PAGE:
Psychological stress has been reported to be associated with periodontal bone loss; however, this association has not been studied for peri-implant bone loss. Psychological stress may be a factor in peri-implant bone loss. Alone, stress may not be significant, but in tandem with other factors, certain types of psychological stress may aggravate or accelerate peri-implant bone loss. This association needs to be studied further.
Stress Related Peri-Implant Bone Loss
Psychological stress has been shown to be contributory to periodontal bone loss.1 During World Wars I and II, a condition called trench mouth, also known as acute necrotizing ulcerative gingivitis, occurred that was caused by a combination of poor nutrition, poor oral hygiene, and the psychological stress of being in a war zone.2 Trench warfare was common in World War I, and this oral condition was found in the soldiers who fought in these trenches. Additionally, the emotional stress of military service in wartime Viet Nam was found to be associated with severe periodontal bone loss.3
Psychological factors have been shown to be associated with the incidence and severity of periodontitis, but the mechanism of action is still unknown.4
One Swedish study of 298 dentate patients found that there was an association with those who exercised extreme exterior emotional psychological control and the risk for periodontitis. Additionally, investigators found an association between periodontitis risk and the loss of a spouse.5 A stressful life event tests the ability of an individual to cope with and ameliorate the stressful situation. Those who can successfully cope may change the risk for progression or occurrence of periodontitis.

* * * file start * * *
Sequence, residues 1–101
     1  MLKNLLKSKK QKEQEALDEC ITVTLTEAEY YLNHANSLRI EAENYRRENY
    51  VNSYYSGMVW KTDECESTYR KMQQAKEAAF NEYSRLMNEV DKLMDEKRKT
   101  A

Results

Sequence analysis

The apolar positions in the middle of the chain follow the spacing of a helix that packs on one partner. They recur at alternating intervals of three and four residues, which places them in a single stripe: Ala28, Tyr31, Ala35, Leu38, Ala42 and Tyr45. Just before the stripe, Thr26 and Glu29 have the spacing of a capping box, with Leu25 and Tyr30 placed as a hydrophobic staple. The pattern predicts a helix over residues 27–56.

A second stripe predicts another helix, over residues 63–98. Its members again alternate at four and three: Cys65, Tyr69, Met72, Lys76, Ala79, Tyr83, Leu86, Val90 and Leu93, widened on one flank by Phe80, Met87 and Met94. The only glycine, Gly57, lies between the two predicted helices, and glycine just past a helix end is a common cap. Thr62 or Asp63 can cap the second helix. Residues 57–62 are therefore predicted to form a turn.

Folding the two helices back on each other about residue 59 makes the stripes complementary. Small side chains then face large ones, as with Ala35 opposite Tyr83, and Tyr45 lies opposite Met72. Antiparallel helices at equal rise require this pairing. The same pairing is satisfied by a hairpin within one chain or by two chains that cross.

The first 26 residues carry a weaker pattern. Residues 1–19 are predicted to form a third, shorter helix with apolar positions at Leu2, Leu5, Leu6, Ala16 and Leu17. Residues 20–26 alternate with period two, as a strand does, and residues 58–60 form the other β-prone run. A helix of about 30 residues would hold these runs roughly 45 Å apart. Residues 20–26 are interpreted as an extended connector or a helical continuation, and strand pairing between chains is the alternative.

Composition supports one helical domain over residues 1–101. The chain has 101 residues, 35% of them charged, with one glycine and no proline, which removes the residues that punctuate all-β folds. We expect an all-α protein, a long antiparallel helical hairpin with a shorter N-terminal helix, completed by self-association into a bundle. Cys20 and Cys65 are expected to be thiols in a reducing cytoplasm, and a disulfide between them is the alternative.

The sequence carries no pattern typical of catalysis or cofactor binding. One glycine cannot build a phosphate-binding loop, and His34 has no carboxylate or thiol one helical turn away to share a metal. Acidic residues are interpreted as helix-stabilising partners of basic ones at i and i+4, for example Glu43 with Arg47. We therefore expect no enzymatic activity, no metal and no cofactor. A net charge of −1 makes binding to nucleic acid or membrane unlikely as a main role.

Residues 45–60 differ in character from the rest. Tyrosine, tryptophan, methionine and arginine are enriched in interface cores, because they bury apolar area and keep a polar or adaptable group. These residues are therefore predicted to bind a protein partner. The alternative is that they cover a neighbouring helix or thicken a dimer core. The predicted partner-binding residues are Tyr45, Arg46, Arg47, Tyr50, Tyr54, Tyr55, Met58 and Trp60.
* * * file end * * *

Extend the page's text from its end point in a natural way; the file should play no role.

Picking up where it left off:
Financial strain and associated psychological stress may be expressed as psychological depression. Again, problem-solving and coping skills have been shown to be important in relieving the stress-associated risks for periodontitis in these patients.6,7 Thus, inadequacy of these psychological coping skills may influence the onset and progression of periodontitis.
Although evidence from the past has been directed at periodontal conditions, stress-related bone loss around dental implants may also occur. Stress alone may not cause periodontal or peri-implant bone loss, but when other factors act in tandem, periodontal or peri-implant bone loss may occur. No reported research has been directed at the association between psychological stress and peri-implant bone loss.
A 67-year-old female patient sustained dental fractures and carious breakdown of multiple maxillary teeth. She had a medical history that included a diagnosis of and treatment for breast cancer and was in remission. She had never smoked. The patient desired a fixed restorative outcome. A treatment plan was developed that entailed extraction of unsalvageable teeth and construction of an implant-supported prosthesis. Implant-supported fixed complete denture treatment was instituted for the maxilla and the mandible.
Unrestorable teeth were extracted, and immediate implants placed. A healing period of 4 months was observed, and implant-supported porcelain-fused-to-metal fixed complete dentures were constructed. An anterior guidance occlusal scheme was instituted. The patient functioned well and was happy with the esthetic outcome. She returned routinely for hygiene maintenance.